A Bag Full Of Tricks – Rotation360 Product Review

Ori loves the rotation360Are you an “I love to carry stuff with ease” (AKA comfort carry) kind of photographer or a “I love access to my lenses” (AKA easy access) kind of photographer?

The comfort carry kinda photographers tend to take backpacks that have back systems, while the easy access types go for pouches and sling bags.

When I got the Rotation360 for review I was happy to see that you can have both comfort and access in the same system. Read on for my full review.

So What’s Biggie?

Before I get going with this review, let me share with you why this bag got my attention in the first place.

I tend to hike and travel with the family quite a lot, and for each trip I must choose between either comfort or access. I can pick the comfy backpack, but then I need someone to help me switch lenses, or I can use a shoulder pack and suffer during the long trek. Dead end.

The Rotation360 from ThinktankPhoto has this problem fixed. So yes, this is a backpack, but the lower part of it also doubles as a detachable pouch that can then be accessed without removing the bag from the back. It has become my new favorite bag.

I’m thinking that this may also be super relevant to new photogs who have to travel quite a bit but still want easy access to their lenses.

First And Foremost

Rotation360 with GearSo the bag has a nice load of features – which I will review in a bit. But first and foremost, I’m gonna discuss the two main features of any bag: is it comfy? How does it handle gear storage.

The bag gets a very high mark on my comfy scale. The back-system is very good comparing to other photobags I’ve used. It feels airy even after a long carry, and it has a pair of adjustable clip thingies that bring the chest straps closer together on the front – a must for my body structure.

As far as equipment goes, I managed to stuff the R360 with the following items (click the image for notes):

On the back:

  • A Nikon D300 body attached to a 85mm/1.8 lens with a hood
  • 2 Nikon SB strobes
  • My “strobist bag” that has all my GI triggers and wires (this went into the front pocket)
  • A cooling gridspot
  • Some memory cards, batteries and other misc.

In the pouch:

  • A Nikon 24-70/2.8 my newest addition
  • A 50/1.8 prime
  • My “old” all around lens the versatile 18-200 VR

All and all not too bad, considering that any stuff that goes in the bag, has to eventually be carried by yours truly.

And All Those Straps (And Other Surprises)

The Rotation360 is packed with features. In fact it has so many features that the guys at ThinkTank have made a video site to assist RTFM kind of guys like me in getting started.

Surprisingly, almost any function comes with a strap. So there are many straps for many different kinds of functions. Some of those straps really rock. (The rotation thing will get its very own section later).

Camera chest strap – a cool little strap that allows you to attach the camera to your chest – may be perfect for spinning kids shots.

Additional shoulder strap – that allows you to use the pouch as a “regular” yet a bit small shoulder bag.

Tripod strap – to attach small or huge tripods

Dividers from here to the moon – tons and tons of dividers. I ended up removing some of those dividers so I’ll have more room to gear. If you’re carrying a bunch of smaller lenses and accessories, trust me you will not be short on dividers.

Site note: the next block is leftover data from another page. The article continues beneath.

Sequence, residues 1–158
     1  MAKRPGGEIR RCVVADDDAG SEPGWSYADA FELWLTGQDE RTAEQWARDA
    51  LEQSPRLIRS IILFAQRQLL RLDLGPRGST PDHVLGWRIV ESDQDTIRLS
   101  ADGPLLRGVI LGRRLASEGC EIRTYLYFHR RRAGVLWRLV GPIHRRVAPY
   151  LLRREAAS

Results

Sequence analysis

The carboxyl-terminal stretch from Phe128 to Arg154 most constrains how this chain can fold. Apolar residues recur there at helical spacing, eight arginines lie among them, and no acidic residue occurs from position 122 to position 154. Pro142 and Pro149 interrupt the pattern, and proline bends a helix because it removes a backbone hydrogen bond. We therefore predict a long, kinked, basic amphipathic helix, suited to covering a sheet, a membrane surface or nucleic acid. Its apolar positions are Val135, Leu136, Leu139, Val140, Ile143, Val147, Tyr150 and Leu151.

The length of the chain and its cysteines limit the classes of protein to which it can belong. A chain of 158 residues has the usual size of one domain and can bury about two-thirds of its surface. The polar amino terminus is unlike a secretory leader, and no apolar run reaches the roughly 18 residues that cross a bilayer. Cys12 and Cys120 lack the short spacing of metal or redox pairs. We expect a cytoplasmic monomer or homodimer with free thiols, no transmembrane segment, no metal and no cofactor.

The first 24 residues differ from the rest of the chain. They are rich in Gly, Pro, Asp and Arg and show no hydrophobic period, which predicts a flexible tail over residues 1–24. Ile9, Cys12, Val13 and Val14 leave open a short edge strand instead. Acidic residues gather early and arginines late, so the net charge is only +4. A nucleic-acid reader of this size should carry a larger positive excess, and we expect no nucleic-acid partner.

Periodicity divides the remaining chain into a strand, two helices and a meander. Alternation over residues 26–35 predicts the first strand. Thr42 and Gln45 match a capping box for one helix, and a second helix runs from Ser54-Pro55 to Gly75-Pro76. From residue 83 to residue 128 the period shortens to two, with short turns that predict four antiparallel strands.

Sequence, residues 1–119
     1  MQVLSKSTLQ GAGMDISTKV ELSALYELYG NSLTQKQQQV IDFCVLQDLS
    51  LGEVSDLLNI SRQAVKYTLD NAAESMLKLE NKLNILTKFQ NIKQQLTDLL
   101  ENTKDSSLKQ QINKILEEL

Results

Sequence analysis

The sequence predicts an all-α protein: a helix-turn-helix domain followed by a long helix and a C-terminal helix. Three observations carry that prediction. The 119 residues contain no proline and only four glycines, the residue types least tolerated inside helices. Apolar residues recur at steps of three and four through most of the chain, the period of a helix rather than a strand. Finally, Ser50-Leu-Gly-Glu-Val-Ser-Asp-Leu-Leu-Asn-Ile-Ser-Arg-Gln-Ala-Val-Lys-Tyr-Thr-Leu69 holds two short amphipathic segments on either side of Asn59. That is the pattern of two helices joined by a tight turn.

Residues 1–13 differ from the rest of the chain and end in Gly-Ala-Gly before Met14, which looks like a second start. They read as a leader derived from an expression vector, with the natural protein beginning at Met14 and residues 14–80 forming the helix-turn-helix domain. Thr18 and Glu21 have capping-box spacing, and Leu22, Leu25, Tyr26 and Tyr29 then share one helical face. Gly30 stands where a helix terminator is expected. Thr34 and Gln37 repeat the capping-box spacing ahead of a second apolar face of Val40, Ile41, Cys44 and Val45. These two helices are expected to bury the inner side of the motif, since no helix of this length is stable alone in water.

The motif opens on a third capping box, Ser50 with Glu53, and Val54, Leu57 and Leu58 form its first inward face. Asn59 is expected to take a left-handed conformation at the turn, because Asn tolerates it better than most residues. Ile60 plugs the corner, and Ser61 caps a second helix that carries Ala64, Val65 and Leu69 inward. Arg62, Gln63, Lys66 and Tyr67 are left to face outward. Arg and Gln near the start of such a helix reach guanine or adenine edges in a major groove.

Rain covers – OK, those are not straps but they may come in handy when you change location under bad weather. Luckily it is midsummer here and this function has not been tested in real conditions :) (thanks you lord of weather). A nice touch here is that the belt and backpack rain covers are separated.

Loads of mesh pockets, small “secret” places and fun discoveries – The amount of storage pockets in the Rotation360 is amazing. If you are a compartmental freak like I am, you’re in for a treat.

The Rotation Function

Looking through the Rotation360The rotation is actually the best feature of this bag, and as you can see there are many.

Here is how it works. The bag is actually separated into two parts – a bag and a belt. The two are basically unconnected. However, just like the Constructicons can team up to build Devestator, the belt and backpack can integrate to form a full body backpack.

The transformation is easy – pull a small handle on the belt and it will rotate. Now you carry “half a backpack” and a utility belt. The nice thing about the bag (and take a long hard look at the image on the left) is that the bottom half of the backpack is firm. This means that rotating the belt back in is easy. It also means that the bag sits nicely on the back even with the belt rotated or even set aside.

I found that the belt can contain about three medium sized glasses. Not bad, however, if you carry a big gun, it will have to either go in the backpack or stay mounted on the camera when you’re on the move. 

When the belt is aligned with the backpack it stays secure using three strips of Velcro. For more control you can block the rotation function altogether, but why would you ever want to do that? – It’s the whole point of this bag.


So The Rotation360 is now my “official” favorite bag, and don’t get me wrong, it is a great bag. However, there are a few things that could have made this bag even better:

Well actually there is only one thing – making the bag a bit wider. I managed to get all I wanted into the bag, but it was a tight fit. A bit too tight for my taste. An extra inch of width would have made me feel better.


In three words – I love it. It has become my daily bag if I know I’ll have to hike or change lenses a lot. For 279 USD it gives a fair fight (and wins by points) to any similar Lowpro bag.


Rotation360 Product page
Buy The Rotation360
Rotation360 Video and features page